Picture this: It’s 2003 and you have the better part of $80,000 burning a hole in your pocket, ready to be spent on an open-topped cruiser. The Lexus SC 430 is robust enough to pass on to your grandchildren in 20 years, the Jaguar XK8 is old but charming, the Porsche 911 is as iconic as ever, and the Mercedes-Benz SL 500 is a Mercedes. However, what if none of those cars hit the spot? What if you want something different, fashion-forward, and unashamedly American? Behold, the Cadillac XLR. Welcome back to GM Hit or Miss, a series in which we recall all the crazy stuff GM got up to, and then collectively decide if they were good ideas or not.
The XLR wasn’t the first Cadillac to target Mercedes-Benz’s prestigious SL. Back in the 1980s, Cadillac rolled out a high-end convertible called the Allante which used one of the more convoluted manufacturing processes in the history of the automobile. See, GM contracted body manufacturing to Pininfarina, the same prestigious Italian design house that styled the Allante. After the coachwork was put together in Italy, every Allante body was flown by jet to America, where final assembly occurred in Michigan. This process helped contribute to an outrageous starting price that made the Allante a hard sell, even when compared to the then thoroughly-outdated R107 Mercedes-Benz SL.
To avoid making a similar mistake again, Cadillac decided to base the XLR on an existing GM platform, and the Corvette was just the right starting point. While Cadillac retained the Corvette’s hydroformed main chassis rails, much of the XLR was new compared to the C5 Corvette. The body panels were thicker than on the Corvette, the Chevrolet V8 was ditched for an overhead cam Cadillac unit, the wheelbase was altered, the vehicle was two inches shorter overall, and the Corvette’s choice of targa or fabric tops was ditched in favor of a folding hardtop. The result was an all-American Cadillac roadster made on its own line in Bowling Green.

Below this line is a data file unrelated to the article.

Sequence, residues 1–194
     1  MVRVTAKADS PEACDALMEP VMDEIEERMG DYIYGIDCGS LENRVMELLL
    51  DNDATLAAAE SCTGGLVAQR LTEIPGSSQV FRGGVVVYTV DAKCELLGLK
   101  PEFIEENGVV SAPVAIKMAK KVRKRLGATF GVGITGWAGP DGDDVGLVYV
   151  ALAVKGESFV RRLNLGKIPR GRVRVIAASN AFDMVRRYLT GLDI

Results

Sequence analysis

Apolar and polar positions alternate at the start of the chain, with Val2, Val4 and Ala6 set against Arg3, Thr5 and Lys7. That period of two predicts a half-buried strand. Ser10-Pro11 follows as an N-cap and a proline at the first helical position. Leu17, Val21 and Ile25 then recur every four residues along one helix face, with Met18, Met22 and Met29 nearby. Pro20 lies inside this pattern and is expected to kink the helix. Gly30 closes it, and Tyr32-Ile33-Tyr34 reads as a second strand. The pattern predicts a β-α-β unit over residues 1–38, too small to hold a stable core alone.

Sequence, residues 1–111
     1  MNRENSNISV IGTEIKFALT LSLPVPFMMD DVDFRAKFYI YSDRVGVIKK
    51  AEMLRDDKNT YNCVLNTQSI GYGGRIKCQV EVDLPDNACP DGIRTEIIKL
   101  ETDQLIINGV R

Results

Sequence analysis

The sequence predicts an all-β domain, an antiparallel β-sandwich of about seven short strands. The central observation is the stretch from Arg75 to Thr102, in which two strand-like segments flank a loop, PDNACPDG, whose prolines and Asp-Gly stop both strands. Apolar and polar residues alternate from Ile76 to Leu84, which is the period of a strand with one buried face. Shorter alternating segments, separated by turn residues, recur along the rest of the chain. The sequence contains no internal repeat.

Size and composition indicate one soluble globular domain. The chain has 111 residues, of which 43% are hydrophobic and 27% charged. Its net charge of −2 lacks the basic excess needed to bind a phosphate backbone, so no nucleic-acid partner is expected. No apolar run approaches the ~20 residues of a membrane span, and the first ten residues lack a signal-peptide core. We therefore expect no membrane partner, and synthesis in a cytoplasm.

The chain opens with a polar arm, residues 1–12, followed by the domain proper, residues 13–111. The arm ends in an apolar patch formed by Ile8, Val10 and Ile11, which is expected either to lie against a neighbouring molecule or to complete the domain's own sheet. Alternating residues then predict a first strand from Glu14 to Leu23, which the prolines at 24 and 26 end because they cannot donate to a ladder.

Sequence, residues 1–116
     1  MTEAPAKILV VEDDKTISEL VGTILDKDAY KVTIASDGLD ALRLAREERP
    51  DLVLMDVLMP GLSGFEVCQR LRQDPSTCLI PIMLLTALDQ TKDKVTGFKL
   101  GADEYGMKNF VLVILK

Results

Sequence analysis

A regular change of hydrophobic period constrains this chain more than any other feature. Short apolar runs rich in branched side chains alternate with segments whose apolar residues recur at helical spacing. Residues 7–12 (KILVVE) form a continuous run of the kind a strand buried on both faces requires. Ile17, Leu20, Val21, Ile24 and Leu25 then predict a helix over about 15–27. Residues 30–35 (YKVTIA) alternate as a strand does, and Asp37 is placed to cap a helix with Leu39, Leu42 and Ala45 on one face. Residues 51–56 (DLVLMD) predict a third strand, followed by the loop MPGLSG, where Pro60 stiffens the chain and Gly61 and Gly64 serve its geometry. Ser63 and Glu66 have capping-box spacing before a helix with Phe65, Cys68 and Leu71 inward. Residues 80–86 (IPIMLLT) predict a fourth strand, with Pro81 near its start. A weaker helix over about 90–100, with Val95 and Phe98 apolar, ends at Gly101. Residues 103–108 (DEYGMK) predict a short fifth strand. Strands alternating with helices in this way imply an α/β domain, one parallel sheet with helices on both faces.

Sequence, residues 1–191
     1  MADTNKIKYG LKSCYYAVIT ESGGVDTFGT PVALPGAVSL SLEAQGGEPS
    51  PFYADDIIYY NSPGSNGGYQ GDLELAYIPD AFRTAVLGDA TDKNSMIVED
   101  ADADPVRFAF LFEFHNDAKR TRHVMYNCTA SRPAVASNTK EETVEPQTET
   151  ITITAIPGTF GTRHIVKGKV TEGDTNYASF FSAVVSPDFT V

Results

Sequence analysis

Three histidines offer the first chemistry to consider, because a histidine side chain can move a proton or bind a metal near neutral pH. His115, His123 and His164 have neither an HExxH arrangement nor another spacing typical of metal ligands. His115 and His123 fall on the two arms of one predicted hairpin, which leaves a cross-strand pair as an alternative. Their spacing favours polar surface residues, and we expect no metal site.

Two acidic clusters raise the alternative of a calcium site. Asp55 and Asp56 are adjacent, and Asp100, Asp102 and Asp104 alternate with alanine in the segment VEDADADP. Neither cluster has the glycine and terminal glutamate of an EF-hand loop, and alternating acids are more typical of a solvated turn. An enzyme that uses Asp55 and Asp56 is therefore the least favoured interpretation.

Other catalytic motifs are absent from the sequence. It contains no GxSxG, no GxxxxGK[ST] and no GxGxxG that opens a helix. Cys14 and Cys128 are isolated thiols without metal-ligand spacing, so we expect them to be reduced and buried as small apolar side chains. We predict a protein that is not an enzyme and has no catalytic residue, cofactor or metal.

Those wishing for Corvette performance, but with a decent interior, are sure to be disappointed because the XLR isn’t an out-and-out sports car. However, the XLR wasn’t aiming for lap records, and it hit the market at the perfect time. Back in 2001, Mercedes-Benz discontinued the phenomenal R129 SL in favor of the R230 SL. This new-generation crayon-scented cabriolet was very obviously a DaimlerChrysler product, displaying the cost when new of a Daimler product and long-term reliability more on par with a Chrysler product. Sure, it had a power-folding hardtop, but it didn’t have the brick shithouse build quality (that’s a good thing) of its predecessor. The SL hadn’t been in a weaker spot in more than a decade, so the occasion was right for GM to strike.
On paper, the Cadillac XLR offered some compelling reasons to go domestic when shopping for a two-seat grand-touring cabriolet with a folding hardtop and a silky overhead cam V8. It had dials by Bulgari, Corvette DNA, and all manner of fancy gadgets as standard.
I’m talking about a nine-speaker Bose stereo, bi-xenon headlamps, adaptive cruise control, a four-color heads-up display, cooled seats, and magnetorheological dampers. Pound-for-pound, the XLR’s spec sheet look pretty good compared to that of the Mercedes-Benz SL 500.
Arguably more important than tech was looks, and the XLR had them in spades. Born near the start of Cadillac’s brutalist Art & Science design phase, the XLR looks like it was milled out of a single iron ingot. From egg-crate grille to improbably sharp beltline to blunt rear fascia, everything about the XLR’s styling was as crisp and cool as a Manhattan vodka bar. Unlike most of its competitors, it still turns heads today, a remarkable feat for a mid-aughts GM product.
After launching to plenty of fanfare, early reviews of the XLR were full of praise. Car And Driver said that “there is no question that the XLR is a strong entry in the prestigious roadster class.” Road & Track said that “In this, Cadillac seems to have finally sidestepped the old criticism of giving us both more and less of what we want at the same time.” Comparison tests were also promising. While Car And Driver reckoned the XLR couldn’t vanquish the SL 500 or the Porsche 911 Cabriolet, the publication ranked the Cadillac ahead of the Lexus SC 430. Road & Track, on the other hand, ranked the XLR ahead of the SL 500, SC 430, Jaguar XK8, and Maserati Spider GT. Now that’s an impressive showing.
I briefly drove an XLR years ago and I can see what the road testers of the time were on about. While the C6 Corvette is a bit creaky over bumps and doesn’t pay too much mind to cabin noise, the XLR glides remarkably well over pockmarked streets. The 4.6-liter Northstar V8 isn’t gushing with off-idle torque, but it comes alive in the mid-range with satisfyingly smooth thrust. What’s more, the seats are really comfortable and the steering has a pleasing heft thanks to increased caster over a C5 Corvette. Sure, some interior plastics feel notably cheaper than what you’d find in a comparable Mercedes-Benz SL, but they’re nowhere near as nasty as the plastics on an early Cadillac CTS. There’s lots to love about the XLR so long as you take it easy and cast Corvette-like notions aside.